High-Level Event on the Fourth United Nations Day For South-South Cooperation
Statement by Mr. Sha Zukang, Under-Secretary-General for Economic and Social Affairs to the High-Level Event on the Fourth United Nations Day For South-South Cooperation New York, 19 December 2007
19 December 2007, New York
I am honoured to join you to celebrate the Fourth United Nations Day for South-South Cooperation.
We gather at a time of increasingly successful South-South cooperation in diverse areas, including investment, trade, technology transfer, macro-economic and financial policy coordination, as well as financial and technical cooperation in development. In the context of globalization, these new dynamics are transforming the international economy and international development cooperation.
The international community generally agrees on the importance of South-South cooperation as a complement to North-South cooperation in supporting efforts in low-income countries to achieve the MDGs and national development goals. While countries of the South stress their ownership of the agenda and priorities of South-South cooperation, the international community recognizes the role for countries of the North and multilateral organizations to support the growth of South-South cooperation through what we call triangular cooperation.
Indeed, the Monterrey Consensus emphasized the need to strengthen South-South cooperation, including triangular cooperation, as a complement to North-South cooperation. The 2004 Sao Paulo Consensus of UNCTAD-XI provided an important boost for enhancing South-South cooperation in the areas of trade and investment.
In the 2005 World Summit Outcome, world leaders recognized “the achievements and great potential of South-South cooperation”. And the General Assembly, in its resolution on the follow-up to the Summit’s development outcome, encouraged “the continued promotion of South-South cooperation as an effective contribution to development and as a means to share best practices and provide enhanced technical cooperation”.
At the same time, there is a divergence of views on the conceptual framework governing South-South cooperation and the appropriate place of South-South cooperation in the international development architecture.
Developed countries underscore that South-South cooperation should not be isolated conceptually from global development cooperation efforts, and should be governed by the same principles and commitments as official development assistance (ODA).
Developing countries maintain that South-South cooperation cannot mirror cooperation with the North, and that financial contributions in South-South cooperation should not be treated as traditional ODA.
Efforts to foster a convergence of views will go a long way towards strengthening internationally coherent support for the growth of South-South cooperation.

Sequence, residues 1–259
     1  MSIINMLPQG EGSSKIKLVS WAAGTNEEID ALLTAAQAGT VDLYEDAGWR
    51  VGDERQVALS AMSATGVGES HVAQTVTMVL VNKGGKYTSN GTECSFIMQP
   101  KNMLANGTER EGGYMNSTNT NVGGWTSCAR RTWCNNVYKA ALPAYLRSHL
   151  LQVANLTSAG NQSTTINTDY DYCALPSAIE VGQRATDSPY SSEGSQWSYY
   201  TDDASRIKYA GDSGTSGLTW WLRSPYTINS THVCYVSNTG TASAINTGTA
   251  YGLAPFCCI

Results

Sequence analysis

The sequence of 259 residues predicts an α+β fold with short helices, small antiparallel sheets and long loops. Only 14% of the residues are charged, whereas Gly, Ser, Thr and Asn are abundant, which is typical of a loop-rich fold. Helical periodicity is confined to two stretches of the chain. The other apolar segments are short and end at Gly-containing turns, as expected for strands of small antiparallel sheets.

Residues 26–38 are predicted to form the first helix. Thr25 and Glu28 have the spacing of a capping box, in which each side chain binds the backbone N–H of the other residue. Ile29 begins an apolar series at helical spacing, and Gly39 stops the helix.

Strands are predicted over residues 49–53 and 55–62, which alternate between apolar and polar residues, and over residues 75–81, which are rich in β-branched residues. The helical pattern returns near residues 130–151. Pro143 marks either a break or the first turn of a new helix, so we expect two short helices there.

To this end, Member States can make use of high-level UN intergovernmental forums to exchange views and build consensus, as well as identify financing mechanisms for South-South cooperation.
Recognizing the need to strengthen South-South cooperation, the Assembly decided to convene a high-level UN Conference on South-South cooperation by the first half of 2009. Several other high-level UN forums will provide opportunities to integrate considerations of South-South cooperation into intensifying global efforts to implement commitments on achieving the MDGs include: UNCTAD-XII in April 2008, the first session of the ECOSOC Development Cooperation Forum in mid- 2008, and the Review Conference on Financing for Development in Doha, from 29 November to 2 December 2008. We in the Secretariat stand ready to facilitate and support these intergovernmental processes.
The UN system, for its part, is committed to promoting coherence of efforts at all levels, with a view to providing stronger and more coherent support to advance South-South cooperation.
As Convenor of the Executive Committee on Economic and Social Affairs, I am pleased that ECESA has adopted South-South cooperation as a cross-cutting theme in its work on the UN development agenda.
Our ECESA agenda and work plan on South-South cooperation seek to provide a variety of support: developing a supportive institutional framework, providing technical assistance and undertaking studies on current trends and emerging issues, strengthening programmes for the promotion of South-South trade and investment, supporting efforts in regional integration, and strengthening South-South and triangular cooperation. We look forward to good results from these joint efforts.
Let us all determine to move forward in a spirit of constructive partnership on our United Nations Day for South-South cooperation.